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We will not have humanoid androids. It's interesting: when you start trying to make robots look more human, you end up making them look more grotesque. It takes very little to go from super-attractive robot to hideous robot.
When I was building robots in the early 1990s, the problems of voice recognition, image understanding, VOIP, even touchscreen technologies - these were robotics problems.
When my daughter was 3, she was eating Cheerios and spilled some on the table. So she swiped them onto the floor. I said, 'Darcy, what are you doing?' She said: 'Don't worry, Daddy, the robot will get it.' I didn't know whether to be horrified or proud. It was this idea that homes take care of themselves and robots are part of that.
Being a sci-fi geek myself and going to movies all my life, I came to the conclusion that there were really two camps of how robots have been designed. It's either the tin man, which is a human with metal skin, or it's an R2D2.
The other one I did was 'I, Robot.' I take apart Isaac Asimov's Robots world.
Robots will someday, or maybe, wake up. They may be really smart. They may be as creative, smart and capable as human beings, and fully conscious, and self discerning with free will.
What people who are doing shift work or managing shift workers or deciding to put people on shift schedules to begin with should realize that we're not robots.
We're seeing the arrival of conversational robots that can walk in our world. It's a golden age of invention.
In the future, I'm sure there will be a lot more robots in every aspect of life. If you told people in 1985 that in 25 years they would have computers in their kitchen, it would have made no sense to them.
Kids love robots. They're this fanciful, cool thing.
Kids are really inspired to not just apply senses to robots and machines, but to try them on themselves.
According to Jewish legend, only the very wisest and very holiest rabbis had the power to make golems, animated servants of clay. Strictly speaking, the golem is not in the same class with Frankenstein's monster, because the golem is neither alive nor dead. He is, rather, the ancestor of all robots.
Our robots are signing up for online learning. After decades of attempts to program robots to perform complex tasks like flying helicopters or surgical suturing, the new approach is based on observing and recording the motions of human experts as they perform these feats.
There are lots of examples of routine, middle-skilled jobs that involve relatively structured tasks, and those are the jobs that are being eliminated the fastest. Those kinds of jobs are easier for our friends in the artificial intelligence community to design robots to handle them. They could be software robots; they could be physical robots.
So, where are the robots? We've been told for 40 years already that they're coming soon. Very soon they'll be doing everything for us. They'll be cooking, cleaning, buying things, shopping, building. But they aren't here. Meanwhile, we have illegal immigrants doing all the work, but we don't have any robots.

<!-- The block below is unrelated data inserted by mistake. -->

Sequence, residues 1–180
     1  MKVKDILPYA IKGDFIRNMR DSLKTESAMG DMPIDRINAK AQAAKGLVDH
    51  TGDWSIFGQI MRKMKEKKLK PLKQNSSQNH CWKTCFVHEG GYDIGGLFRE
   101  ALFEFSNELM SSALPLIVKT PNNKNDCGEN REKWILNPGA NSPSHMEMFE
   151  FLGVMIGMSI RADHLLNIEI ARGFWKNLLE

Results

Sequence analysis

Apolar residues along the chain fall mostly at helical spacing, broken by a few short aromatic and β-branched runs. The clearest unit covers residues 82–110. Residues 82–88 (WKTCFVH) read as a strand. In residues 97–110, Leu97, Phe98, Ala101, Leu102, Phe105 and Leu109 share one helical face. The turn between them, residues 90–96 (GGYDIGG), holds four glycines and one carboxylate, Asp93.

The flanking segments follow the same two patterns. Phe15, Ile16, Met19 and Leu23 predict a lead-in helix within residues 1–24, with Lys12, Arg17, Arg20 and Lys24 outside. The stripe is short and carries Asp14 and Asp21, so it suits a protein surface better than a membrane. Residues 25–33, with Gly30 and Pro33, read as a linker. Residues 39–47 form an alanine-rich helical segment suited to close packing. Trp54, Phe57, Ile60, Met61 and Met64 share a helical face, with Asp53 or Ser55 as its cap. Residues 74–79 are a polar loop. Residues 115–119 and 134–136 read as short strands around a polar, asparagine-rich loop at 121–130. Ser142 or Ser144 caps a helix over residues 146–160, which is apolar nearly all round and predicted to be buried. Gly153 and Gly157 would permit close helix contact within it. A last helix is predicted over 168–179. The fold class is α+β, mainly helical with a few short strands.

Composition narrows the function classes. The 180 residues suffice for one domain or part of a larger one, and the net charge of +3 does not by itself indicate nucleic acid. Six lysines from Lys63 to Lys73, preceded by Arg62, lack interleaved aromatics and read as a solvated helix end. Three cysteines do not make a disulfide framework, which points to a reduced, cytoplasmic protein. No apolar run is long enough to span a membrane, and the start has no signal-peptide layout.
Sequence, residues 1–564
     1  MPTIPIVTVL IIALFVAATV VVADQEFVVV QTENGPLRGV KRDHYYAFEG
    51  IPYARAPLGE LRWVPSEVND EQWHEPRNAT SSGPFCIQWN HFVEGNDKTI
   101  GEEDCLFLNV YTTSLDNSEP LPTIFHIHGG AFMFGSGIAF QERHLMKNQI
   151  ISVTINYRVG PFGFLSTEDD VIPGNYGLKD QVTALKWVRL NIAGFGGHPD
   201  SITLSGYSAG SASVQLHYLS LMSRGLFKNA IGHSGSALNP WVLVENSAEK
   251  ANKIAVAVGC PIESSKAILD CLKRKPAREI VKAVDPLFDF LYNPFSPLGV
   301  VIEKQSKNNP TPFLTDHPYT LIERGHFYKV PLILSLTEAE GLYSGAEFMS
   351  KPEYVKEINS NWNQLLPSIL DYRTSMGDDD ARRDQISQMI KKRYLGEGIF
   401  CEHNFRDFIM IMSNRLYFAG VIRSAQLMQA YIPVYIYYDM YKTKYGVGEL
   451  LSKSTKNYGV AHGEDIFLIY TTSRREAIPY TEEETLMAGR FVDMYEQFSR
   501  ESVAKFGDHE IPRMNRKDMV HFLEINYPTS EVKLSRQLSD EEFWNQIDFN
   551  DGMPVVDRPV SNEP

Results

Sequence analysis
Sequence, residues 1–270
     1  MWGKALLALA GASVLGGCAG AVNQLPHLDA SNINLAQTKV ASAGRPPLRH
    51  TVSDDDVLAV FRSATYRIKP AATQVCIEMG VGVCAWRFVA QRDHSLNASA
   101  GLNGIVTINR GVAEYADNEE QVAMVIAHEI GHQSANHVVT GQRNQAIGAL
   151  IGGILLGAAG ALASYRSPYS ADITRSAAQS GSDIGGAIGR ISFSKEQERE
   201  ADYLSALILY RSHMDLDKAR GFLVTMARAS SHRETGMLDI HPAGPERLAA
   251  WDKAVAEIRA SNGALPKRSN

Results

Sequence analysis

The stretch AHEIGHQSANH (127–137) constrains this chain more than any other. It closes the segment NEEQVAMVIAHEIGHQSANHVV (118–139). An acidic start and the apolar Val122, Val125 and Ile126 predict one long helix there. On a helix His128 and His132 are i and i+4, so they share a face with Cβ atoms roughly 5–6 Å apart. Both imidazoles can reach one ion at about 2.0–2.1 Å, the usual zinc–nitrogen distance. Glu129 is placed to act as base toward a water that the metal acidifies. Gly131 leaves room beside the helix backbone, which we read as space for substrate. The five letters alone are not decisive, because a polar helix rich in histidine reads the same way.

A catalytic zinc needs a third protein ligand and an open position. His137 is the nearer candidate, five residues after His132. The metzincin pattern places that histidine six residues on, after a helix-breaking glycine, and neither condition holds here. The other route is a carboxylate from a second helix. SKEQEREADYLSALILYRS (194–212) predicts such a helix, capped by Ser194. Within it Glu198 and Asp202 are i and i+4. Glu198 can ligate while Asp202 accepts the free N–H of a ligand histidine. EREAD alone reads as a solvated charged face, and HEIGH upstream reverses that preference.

The big mathematical challenge for flying robots is making them move in six dimensions: x, y, z, pitch, yaw and roll. We create 3-D obstacle courses in the lab - windows, doors, hula-hoops taped to posts - and ask the robots to fly through. It looks like a Harry Potter Quidditch match.
Technology is at the forefront of everything these days - communication, work. It's amazing and scary at the same time how robots have evolved, but I find it hard to believe that robots will completely rule the world. Not in my lifetime anyway.
As humans embrace new forms of social media to keep connected with friends and colleagues, our robots are becoming increasingly sociable.
My most memorable science fiction experience was 'Star Wars' and seeing R2D2 and C3PO. I fell in love with those robots.
Film-makers are always going to be interested in making movies that plug into society around them. That's what a vibrant, artistically alert community should be doing. After all, it would be sad if we only made films about alien robots.
We have a lot of suspicion of robots in the West. But if you look cross-culturally, that isn't true. In Japan, in their science fiction, robots are seen as good. They have Astro Boy, this character they've fallen in love with and he's fundamentally good, always there to help people.
Well, really the way worked was that I had probably built fifty robots before Mystery Science Theater, and I had sold them in a store in Minneapolis in a store called Props, which was kind of a high end gift shop.
I think we need to move to the moons of Mars and learn how to control robots that are on the surface. It's not the impatient way of getting there, but Mars has been there a long time.
I think there will always be a particular generation of actors who... think that they're going to be replaced by robots. But certainly the emerging actors... understand that that's part of the craft.
The practical case for manned spacef light gets ever-weaker with each advance in robots and miniaturisation - indeed, as a scientist or practical man, I see little purpose in sending people into space at all. But as a human being, I'm an enthusiast for manned missions.
John F. Kennedy
Martin Luther King, Jr.
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